Fake book covers

Zachariah Chamberlaine tells us a little bit about the props for Happy Hour – four short comedies.

Brief Encounter book website“This production consists of four short plays that were written to be staged with minimal requirements – and even in non-theatre spaces. The sets are therefore just tables and chairs, and the props are likewise simple, everyday items and small in number.

Yet there was one prop that left room for creativity. In Brief Encounter, a man is sitting on a train reading a book when he sees the author of that book sitting across from him. As both the author’s name and the title of the book are given, I thought it would add that little extra touch if we covered another book with a custom-made dust jacket.

I googled ‘relationship self-help books’ to see what the covers looked like, and to my delight discovered that, yes, they are indeed generally the kind of bog-standard thing you can whack together using in-built elements from Pages 😅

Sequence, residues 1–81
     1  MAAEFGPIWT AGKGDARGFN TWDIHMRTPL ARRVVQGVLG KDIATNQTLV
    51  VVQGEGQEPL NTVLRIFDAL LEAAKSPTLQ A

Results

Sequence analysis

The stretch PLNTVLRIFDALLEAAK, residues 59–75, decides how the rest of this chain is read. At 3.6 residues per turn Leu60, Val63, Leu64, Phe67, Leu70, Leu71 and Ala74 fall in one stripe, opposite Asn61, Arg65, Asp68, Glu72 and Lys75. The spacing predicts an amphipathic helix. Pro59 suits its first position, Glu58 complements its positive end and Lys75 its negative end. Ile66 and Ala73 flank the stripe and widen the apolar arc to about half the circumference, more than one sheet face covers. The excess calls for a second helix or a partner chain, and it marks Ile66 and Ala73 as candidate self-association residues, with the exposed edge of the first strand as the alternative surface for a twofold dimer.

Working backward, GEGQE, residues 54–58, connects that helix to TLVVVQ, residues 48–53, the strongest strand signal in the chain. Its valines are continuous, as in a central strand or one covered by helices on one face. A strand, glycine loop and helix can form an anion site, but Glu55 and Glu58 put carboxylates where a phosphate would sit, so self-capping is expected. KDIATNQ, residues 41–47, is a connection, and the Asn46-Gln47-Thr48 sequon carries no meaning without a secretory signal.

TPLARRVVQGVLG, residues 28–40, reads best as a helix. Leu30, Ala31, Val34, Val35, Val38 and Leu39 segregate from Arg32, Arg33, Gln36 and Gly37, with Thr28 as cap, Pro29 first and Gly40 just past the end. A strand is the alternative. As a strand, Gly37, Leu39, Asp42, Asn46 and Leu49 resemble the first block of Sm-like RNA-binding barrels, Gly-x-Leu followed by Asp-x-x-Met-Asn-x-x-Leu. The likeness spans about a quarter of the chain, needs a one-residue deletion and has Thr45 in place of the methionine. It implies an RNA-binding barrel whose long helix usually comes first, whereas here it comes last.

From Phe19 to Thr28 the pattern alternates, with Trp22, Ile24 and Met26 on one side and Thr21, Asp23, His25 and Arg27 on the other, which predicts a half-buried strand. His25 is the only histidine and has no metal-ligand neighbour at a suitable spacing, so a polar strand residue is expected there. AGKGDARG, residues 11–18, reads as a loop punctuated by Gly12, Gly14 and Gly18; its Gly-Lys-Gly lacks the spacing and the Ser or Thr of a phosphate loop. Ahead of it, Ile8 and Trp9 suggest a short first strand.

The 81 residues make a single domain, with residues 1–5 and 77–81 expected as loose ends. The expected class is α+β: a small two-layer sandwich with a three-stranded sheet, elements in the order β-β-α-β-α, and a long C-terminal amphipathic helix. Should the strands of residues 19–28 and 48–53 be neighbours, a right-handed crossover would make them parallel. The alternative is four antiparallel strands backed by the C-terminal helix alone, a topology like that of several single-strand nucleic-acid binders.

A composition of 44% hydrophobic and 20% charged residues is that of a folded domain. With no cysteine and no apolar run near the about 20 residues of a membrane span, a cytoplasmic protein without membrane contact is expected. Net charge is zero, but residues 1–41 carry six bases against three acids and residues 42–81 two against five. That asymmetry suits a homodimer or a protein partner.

Not so much to my delight, the internet’s advertising algorithms are now offering me couples therapy and a barrage of naval-contemplation literature.... However, I’m happy enough with the result to take that hit for the team.”

Photo: Anni Taponen


Zachariah Chamberlaine is the author of Going Viral, one of the short plays in Happy Hour – four short comedies. He tells us a little bit about the theme of the play:

Buy buy Buy crop“Somewhat ironically, I’m writing this post to advertise my play on the topic of how I hate advertising. Maybe I should clarify that statement a little – how I hate annoyingly aggressive advertising. I don’t mind being made subtly aware of things that may interest me in a way that I can easily choose to ignore. But I detest telemarketing, pop-ups, and the seemingly endless commercials that gatekeep content.